Sales of existing homes fell again in January, the second consecutive month-over-month decline. Sales of pre-owned single-family homes, townhomes, condos, and cooperative apartments were down 3.2 percent compared to December, and the seasonally adjusted annual sales in December, already estimated at a 3.6 percent decline, were revised down even further. The National Association of Realtors® (NAR) said existing homes sold during the month at a seasonally adjusted rate of 5.38 million, representing a year-over-year decline of 4.8 percent. It was the slowest sales pace since last September and the largest annual loss since a 5.5 percent decline in August 2014. December sales were revised down from 5.570 million to 5.56 million. The months sales results were broad-based. All four U.S. regions saw both monthly and annual declines.
The negative report was also unexpected. Analysts polled by Econoday forecast a slight improvement over December with a consensus of 5.640 million units. Estimates ranged from 5.480 million to 5.700 million. Econoday however also remarked that the number of homes for sale, a 19-year low, could limit January's results. Single-family home sales slipped 3.8 percent to a seasonally adjusted annual rate of 4.76 million in January from 4.95 million in December. Those sales were 4.8 percent below the 5.00 million pace a year earlier. Existing condominium and co-op sales improved by 1.6 percent for the month, but the rate of sales, 620,000 units, was behind that of a year earlier by 4.6 percent.
Lawrence Yun, NAR chief economist, says January's retreat in closings highlights the housing market's glaring inventory shortage at the start of 2018. "The utter lack of sufficient housing supply and its influence on higher home prices muted overall sales activity in much of the U.S. last month," he said. "While the good news is that Realtors in most areas are saying buyer traffic is even stronger than the beginning of last year, sales failed to follow course and far lagged last January's pace. It's very clear that too many markets right now are becoming less affordable and desperately need more new listings to calm the speedy price growth."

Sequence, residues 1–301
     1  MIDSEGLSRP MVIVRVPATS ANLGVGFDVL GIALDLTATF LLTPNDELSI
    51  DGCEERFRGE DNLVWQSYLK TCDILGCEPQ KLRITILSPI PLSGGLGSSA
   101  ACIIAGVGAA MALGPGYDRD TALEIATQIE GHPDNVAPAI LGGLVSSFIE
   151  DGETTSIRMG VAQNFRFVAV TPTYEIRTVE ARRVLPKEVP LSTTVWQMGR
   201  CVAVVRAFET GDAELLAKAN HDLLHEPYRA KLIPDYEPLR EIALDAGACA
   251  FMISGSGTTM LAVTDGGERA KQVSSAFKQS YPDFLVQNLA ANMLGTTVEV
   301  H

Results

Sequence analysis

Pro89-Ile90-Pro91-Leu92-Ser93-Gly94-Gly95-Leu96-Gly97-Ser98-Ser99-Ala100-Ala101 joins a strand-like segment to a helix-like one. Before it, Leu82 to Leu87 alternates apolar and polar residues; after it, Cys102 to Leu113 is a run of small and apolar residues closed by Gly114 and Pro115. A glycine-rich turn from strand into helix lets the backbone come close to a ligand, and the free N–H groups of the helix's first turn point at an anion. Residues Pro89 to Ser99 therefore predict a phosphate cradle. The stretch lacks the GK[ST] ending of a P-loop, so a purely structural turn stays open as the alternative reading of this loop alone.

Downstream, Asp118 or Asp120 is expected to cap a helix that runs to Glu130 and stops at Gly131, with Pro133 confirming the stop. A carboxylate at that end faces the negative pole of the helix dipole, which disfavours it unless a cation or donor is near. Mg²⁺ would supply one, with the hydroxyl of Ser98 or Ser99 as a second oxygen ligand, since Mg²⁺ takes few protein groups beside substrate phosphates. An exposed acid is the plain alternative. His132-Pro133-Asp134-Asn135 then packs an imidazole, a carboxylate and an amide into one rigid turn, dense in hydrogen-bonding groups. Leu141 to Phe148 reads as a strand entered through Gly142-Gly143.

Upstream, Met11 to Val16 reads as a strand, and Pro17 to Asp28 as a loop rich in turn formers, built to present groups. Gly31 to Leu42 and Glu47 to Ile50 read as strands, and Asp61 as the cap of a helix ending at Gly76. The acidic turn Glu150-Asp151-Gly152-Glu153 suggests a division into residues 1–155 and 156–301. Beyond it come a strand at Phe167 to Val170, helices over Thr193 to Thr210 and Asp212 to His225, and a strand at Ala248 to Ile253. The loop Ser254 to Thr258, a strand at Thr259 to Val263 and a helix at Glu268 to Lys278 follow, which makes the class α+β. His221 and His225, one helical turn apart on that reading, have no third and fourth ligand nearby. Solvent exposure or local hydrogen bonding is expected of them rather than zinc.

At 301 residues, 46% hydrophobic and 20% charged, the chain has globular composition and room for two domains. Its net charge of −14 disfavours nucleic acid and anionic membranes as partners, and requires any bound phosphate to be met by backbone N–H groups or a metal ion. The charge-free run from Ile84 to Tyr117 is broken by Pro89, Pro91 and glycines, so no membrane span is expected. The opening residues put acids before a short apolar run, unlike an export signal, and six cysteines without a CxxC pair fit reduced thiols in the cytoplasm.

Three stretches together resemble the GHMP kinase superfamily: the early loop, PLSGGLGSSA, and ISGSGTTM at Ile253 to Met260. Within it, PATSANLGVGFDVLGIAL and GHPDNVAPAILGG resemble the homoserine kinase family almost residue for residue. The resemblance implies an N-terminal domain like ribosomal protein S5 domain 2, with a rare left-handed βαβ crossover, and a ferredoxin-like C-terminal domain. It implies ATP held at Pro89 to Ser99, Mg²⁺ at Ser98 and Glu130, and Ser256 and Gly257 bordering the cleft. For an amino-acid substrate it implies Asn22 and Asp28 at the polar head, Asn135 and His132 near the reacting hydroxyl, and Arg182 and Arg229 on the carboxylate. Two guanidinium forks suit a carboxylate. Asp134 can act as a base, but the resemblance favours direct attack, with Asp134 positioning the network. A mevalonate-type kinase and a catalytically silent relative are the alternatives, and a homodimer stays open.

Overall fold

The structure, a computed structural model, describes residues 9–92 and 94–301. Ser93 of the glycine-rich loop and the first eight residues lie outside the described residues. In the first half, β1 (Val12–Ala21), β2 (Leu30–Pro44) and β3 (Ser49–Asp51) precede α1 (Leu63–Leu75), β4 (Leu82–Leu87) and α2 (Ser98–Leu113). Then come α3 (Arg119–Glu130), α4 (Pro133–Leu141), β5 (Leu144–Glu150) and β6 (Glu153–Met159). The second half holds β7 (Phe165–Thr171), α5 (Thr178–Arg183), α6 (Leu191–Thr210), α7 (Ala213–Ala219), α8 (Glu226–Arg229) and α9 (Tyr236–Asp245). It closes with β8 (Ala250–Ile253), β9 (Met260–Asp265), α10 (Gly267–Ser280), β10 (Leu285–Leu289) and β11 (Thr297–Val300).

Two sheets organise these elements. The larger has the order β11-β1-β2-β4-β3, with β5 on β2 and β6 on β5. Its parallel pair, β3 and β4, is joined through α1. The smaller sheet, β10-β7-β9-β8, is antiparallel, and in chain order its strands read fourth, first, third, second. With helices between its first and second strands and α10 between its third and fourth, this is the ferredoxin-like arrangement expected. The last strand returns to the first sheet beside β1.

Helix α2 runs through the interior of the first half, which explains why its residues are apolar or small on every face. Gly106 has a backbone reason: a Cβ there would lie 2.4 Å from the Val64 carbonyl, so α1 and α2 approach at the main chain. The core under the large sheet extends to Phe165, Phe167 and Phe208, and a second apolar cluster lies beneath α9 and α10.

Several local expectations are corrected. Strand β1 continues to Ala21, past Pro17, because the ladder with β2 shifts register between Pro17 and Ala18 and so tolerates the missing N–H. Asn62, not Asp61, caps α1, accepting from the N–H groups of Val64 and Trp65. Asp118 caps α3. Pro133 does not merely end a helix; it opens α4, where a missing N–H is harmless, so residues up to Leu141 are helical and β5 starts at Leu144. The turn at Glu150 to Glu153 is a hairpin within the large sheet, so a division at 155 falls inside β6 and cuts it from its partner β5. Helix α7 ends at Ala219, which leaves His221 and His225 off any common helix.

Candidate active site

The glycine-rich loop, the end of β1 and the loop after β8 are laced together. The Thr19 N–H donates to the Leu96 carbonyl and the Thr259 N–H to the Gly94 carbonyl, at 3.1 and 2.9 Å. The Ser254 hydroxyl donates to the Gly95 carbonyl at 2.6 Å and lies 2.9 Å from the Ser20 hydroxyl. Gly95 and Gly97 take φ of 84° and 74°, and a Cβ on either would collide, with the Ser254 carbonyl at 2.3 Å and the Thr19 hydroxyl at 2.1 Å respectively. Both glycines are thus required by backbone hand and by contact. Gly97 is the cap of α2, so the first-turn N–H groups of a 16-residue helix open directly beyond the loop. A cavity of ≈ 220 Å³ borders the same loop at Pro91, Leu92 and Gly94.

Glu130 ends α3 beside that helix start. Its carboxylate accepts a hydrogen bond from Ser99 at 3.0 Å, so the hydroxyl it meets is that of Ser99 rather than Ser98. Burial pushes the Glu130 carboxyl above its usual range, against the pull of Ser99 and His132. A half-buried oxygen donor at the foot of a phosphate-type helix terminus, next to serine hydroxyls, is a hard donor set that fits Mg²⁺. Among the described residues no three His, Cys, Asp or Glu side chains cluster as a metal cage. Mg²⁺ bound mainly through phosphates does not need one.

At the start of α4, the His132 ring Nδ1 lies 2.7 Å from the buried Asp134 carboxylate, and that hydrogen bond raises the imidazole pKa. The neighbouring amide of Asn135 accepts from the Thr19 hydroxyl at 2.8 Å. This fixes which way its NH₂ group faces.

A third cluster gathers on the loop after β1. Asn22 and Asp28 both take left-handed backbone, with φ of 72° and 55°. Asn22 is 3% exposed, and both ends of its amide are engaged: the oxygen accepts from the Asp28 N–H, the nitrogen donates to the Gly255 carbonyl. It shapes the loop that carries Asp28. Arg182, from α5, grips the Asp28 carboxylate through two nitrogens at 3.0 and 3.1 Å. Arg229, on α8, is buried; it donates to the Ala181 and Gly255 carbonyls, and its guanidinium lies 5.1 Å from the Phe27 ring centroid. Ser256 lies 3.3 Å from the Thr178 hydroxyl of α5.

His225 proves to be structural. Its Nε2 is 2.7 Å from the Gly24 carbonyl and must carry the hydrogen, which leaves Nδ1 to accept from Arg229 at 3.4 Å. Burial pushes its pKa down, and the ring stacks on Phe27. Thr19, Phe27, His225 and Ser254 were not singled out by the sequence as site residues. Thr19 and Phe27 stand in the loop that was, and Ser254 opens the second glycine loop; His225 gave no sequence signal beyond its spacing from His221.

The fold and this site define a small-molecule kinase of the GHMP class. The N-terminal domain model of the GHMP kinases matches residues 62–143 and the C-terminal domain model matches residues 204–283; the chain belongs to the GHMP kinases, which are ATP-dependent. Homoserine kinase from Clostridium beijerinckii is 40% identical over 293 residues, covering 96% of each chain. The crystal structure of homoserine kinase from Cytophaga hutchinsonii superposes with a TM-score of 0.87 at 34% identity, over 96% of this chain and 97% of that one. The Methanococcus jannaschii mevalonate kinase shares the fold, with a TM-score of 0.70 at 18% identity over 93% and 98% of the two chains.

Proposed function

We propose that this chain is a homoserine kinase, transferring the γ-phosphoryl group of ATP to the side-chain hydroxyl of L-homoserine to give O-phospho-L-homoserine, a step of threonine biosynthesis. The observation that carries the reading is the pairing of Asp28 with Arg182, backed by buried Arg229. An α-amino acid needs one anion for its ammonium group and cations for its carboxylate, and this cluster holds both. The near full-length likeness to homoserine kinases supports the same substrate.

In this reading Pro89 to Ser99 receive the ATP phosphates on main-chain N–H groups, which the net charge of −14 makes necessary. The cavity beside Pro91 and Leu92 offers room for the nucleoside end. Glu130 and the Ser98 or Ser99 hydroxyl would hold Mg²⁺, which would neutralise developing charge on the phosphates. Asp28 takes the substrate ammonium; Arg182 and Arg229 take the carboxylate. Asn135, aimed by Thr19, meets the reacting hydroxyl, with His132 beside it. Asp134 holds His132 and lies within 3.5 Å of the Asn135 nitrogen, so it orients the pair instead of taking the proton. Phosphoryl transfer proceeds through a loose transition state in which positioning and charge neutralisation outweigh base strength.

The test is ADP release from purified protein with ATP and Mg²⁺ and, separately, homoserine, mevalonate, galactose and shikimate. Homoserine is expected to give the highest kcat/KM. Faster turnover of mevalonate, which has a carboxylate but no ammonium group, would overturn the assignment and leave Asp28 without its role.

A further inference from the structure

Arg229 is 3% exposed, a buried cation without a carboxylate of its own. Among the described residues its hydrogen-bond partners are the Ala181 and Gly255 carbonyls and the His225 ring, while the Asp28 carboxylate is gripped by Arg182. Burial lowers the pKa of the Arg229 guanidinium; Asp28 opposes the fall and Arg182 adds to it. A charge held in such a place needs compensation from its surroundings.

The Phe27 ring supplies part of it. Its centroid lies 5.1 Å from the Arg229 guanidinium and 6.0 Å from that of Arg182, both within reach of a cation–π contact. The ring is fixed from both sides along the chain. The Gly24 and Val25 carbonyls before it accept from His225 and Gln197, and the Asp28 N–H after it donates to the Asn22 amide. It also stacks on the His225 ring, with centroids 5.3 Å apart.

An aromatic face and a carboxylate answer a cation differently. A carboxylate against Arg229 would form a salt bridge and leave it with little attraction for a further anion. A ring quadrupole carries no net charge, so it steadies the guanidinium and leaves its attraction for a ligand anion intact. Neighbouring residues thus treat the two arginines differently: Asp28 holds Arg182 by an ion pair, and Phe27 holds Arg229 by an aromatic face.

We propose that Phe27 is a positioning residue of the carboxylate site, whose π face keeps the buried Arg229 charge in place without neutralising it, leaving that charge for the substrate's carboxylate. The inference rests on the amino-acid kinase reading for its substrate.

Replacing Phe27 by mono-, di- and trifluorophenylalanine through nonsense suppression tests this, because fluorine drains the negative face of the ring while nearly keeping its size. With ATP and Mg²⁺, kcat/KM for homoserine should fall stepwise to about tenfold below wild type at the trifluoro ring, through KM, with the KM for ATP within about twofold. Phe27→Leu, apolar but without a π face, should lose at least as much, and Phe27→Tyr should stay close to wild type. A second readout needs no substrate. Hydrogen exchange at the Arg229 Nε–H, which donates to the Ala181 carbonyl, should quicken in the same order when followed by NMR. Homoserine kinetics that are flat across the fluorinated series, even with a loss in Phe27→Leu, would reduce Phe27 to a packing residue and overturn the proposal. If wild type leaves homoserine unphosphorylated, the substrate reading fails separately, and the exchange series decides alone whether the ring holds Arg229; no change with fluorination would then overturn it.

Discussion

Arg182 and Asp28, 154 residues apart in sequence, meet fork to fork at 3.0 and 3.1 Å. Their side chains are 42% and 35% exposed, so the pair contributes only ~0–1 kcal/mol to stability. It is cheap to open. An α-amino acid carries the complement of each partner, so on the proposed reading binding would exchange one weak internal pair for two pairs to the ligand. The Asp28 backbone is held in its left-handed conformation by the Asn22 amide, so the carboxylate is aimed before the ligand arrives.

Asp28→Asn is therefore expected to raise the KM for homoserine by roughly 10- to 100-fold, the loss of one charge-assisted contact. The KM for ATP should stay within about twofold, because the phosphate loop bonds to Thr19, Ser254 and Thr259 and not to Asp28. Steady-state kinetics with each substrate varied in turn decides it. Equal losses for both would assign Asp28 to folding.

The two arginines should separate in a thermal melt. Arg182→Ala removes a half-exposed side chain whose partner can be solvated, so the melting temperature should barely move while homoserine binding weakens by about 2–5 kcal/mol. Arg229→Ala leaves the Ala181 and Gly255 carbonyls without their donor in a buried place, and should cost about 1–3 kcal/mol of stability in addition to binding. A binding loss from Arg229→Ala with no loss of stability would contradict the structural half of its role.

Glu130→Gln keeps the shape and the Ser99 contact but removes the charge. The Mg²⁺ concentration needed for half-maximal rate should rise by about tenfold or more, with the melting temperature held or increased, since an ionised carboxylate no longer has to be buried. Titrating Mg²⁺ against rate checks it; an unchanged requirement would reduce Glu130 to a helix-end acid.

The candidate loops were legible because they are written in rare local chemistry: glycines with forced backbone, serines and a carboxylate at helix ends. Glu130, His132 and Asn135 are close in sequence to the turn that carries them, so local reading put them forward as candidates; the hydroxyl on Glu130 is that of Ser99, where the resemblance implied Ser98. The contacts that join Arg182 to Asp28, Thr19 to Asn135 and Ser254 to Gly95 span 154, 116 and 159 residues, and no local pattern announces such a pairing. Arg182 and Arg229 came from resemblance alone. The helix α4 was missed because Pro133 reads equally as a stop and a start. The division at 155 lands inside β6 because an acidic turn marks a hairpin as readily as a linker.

The median existing-home price for all housing types in January was $240,500, up 5.8 percent from the January 2017 median of $227,300. It was the 71st consecutive annual gain. The median existing single-family home price rose 5.7 percent to $241,700 and condo prices were up 7.1 percent to a median of $231,600.
Total inventories did grow during the month, increasing by 4.1 percent to 1.52 million existing homes available for sale. That number is still 9.5 percent lower than a year ago, marking the 32nd straight month the inventory has shrunk on an annual basis. Unsold inventory is estimated at a 3.4-month supply at the current rate of sales. "Another month of solid price gains underlines this ongoing trend of strong demand and weak supply. The underproduction of single-family homes over the last decade has played a predominant role in the current inventory crisis that is weighing on affordability," said Yun. "However, there's hope that the tide is finally turning. There was a nice jump in new home construction in January and homebuilder confidence is high. These two factors will hopefully lay the foundation for the building industry to meaningfully ramp up production as this year progresses."